Surety bonds are frequently used in the construction industry: in order to obtain a contract to build the project, the general contractor (and often the sub-contractors as well) must provide the owner a bond for its performance of the terms of the contract. Conversely, owners and contractors may also provide payment bonds to ensure that subcontractors and suppliers are paid for work done. Under the Miller Act, payment and performance bonds are required for general contractors on all U.S. federal government construction projects where the contract price exceeds $100,000.00.
Importer Entry Bond is a customs bond posted by an importer to guarantee the payment of import duties and taxes, and to assure compliance with any pertinent law, regulation or instruction. An Importer Entry Bond is required on all commercial shipment of goods entering the commerce of the United States. An Importer Entry Bond may be written as either a single transaction or continuous bond (self- renewing). The bond amount for a continuous bond is determined by taking multiples of $10,000 nearest 10% of duties, taxes and fees paid by an importer during the last calendar year. The minimum continuous bond amount is $50,000.
Surety bonds are also used in other situations, for example, to secure the proper performance of fiduciary duties by persons in positions of private or public trust.
A key term in nearly every surety bond is the penal sum. This is a specified amount of money which is the maximum amount that the surety will be required to pay in the event of the principal's default. This allows the surety to assess the risk involved in giving the bond; the premium charged is determined accordingly.
If the principal defaults and the surety turns out to be insolvent, the purpose of the bond is rendered nugatory. Thus, the surety on a bond is usually an insurance company whose solvency is verified by private audit, governmental regulation, or both.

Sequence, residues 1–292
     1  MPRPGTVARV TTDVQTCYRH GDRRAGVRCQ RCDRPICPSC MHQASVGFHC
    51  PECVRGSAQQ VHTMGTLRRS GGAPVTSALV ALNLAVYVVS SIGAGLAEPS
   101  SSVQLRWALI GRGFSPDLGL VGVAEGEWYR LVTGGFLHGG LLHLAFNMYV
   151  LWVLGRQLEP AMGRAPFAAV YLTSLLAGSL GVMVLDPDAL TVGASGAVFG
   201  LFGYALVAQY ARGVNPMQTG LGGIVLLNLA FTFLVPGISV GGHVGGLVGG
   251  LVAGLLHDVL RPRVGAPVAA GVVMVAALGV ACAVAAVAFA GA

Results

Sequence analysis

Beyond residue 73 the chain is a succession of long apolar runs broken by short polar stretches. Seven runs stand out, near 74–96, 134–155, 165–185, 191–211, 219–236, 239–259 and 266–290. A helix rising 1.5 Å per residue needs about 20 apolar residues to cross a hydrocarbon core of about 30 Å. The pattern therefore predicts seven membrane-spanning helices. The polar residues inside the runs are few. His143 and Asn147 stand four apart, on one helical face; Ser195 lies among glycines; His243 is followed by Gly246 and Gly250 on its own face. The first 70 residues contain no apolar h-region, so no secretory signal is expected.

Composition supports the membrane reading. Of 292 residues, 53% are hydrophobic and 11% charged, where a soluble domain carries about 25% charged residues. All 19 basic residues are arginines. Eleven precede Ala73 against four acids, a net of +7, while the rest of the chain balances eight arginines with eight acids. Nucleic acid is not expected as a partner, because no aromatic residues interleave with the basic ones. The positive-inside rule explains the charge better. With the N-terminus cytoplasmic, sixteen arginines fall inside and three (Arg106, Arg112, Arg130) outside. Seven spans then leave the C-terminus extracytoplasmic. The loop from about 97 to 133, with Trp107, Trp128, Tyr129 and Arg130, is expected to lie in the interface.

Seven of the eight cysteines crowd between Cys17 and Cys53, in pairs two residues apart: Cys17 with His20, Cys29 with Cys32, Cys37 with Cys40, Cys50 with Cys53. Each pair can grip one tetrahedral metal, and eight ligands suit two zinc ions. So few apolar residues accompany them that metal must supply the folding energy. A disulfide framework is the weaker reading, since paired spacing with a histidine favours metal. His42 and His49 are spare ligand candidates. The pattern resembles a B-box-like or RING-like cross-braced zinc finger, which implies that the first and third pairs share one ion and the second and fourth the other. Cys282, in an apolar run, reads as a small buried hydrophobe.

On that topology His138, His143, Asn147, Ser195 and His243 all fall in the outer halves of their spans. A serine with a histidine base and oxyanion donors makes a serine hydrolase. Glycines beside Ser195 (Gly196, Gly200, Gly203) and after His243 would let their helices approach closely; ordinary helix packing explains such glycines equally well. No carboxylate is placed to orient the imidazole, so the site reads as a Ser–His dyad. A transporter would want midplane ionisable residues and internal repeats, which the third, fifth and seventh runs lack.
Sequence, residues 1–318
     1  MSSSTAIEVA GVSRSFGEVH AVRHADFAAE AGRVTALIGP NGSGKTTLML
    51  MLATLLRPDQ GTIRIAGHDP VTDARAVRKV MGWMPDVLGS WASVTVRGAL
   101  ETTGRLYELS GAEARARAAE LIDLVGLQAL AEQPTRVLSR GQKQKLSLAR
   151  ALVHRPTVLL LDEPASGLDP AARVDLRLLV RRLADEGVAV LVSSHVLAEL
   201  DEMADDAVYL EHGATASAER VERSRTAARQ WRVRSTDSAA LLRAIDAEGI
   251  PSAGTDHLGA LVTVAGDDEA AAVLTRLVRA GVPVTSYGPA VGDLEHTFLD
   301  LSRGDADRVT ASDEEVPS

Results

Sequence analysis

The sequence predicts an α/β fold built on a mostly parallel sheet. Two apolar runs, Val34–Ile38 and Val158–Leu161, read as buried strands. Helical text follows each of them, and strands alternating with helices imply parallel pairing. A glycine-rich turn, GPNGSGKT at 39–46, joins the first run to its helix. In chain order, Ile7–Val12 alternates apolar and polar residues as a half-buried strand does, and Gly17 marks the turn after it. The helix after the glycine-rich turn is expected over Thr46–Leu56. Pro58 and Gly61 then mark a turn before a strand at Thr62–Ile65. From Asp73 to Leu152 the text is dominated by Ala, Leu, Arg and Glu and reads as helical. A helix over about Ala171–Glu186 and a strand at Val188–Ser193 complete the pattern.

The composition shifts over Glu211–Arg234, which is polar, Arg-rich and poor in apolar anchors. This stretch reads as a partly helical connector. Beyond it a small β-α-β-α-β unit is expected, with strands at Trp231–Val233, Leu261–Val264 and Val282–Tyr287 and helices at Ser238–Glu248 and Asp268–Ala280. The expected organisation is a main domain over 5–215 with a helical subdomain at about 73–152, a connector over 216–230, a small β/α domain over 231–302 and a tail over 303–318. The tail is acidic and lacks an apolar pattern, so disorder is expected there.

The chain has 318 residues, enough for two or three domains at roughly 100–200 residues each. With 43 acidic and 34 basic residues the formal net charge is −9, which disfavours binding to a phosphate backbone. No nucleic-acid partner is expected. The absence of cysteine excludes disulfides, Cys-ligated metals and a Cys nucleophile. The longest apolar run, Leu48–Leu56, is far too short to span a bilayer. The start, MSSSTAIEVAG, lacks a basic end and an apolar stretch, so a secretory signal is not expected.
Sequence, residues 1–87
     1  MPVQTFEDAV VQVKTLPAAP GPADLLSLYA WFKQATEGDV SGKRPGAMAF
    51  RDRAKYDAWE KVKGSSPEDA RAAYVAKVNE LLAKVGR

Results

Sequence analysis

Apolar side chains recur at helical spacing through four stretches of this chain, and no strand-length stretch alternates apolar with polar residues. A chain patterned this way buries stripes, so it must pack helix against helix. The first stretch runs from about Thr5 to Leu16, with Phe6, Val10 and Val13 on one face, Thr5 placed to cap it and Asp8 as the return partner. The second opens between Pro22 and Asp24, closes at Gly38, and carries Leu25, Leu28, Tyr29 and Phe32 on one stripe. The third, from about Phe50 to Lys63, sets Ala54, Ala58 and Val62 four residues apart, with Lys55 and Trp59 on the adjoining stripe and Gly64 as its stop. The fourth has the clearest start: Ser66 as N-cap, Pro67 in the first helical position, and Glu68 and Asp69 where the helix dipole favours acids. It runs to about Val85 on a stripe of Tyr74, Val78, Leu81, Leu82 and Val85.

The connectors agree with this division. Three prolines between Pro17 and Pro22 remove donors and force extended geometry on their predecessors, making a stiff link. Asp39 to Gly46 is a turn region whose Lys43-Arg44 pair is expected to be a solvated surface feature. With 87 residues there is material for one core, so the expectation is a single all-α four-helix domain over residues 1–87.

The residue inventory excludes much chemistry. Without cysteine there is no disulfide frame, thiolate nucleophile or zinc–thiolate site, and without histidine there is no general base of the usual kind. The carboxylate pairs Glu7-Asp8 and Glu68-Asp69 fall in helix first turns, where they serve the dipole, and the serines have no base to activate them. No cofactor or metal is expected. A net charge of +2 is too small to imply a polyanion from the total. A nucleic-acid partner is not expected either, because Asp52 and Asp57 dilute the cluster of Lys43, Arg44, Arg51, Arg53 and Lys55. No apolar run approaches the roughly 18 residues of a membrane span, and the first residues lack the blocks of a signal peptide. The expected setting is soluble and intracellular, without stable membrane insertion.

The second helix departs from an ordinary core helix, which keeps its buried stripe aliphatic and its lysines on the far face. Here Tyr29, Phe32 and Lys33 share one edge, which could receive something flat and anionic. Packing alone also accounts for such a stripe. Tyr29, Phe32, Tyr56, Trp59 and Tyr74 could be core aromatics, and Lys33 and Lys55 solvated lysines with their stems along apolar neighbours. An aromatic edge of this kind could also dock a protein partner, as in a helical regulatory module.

The principal will pay a premium (usually annually) in exchange for the bonding company's financial strength to extend surety credit. In the event of a claim, the surety will investigate it. If it turns out to be a valid claim, the surety will pay it and then turn to the principal for reimbursement of the amount paid on the claim and any legal fees incurred.
A bail bond is a type of surety bond used to secure the release from custody of a person charged with a criminal offense. Under such a contract, the principal is the accused, the obligee is the government, and the surety is the bail bondsman, and if the accused fails to appear, a fugitive recovery agent is the surety.
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First, sorry about the double post.
I got into the handyman-remodel business on the advice of a contractor friend. He was always complaining about the poor quality [licensed, bonded and insured] professionals were putting out. Too many just blow out jobs. Their work looks good (or not) to the homeowner, but is trash underneath a veneer of some sort. I had pro's who wanted to pour concrete on top the ground (to hell with frost lines and heave). Bonds, licenses and insurance don't always guarantee quality for the money.
There is the another side to the license, bonding and insurance issue: Courts will allow homeowners to steal from those who are not licensed, bonded and insured by refusing to hear cases in which they are involved.
In the end, it's like your own health. You have to take an interest. The uninsured, unlicensed worker may provide a bargain, while the state authorized worker may be better at paying for his big fancy truck. Or it may go the other way, and it often does. Truth be known, you have more recourse against the individual operating without gubermint permission than he does against you. You send L&I after him, for example.
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There is a difference between a bond and insurance.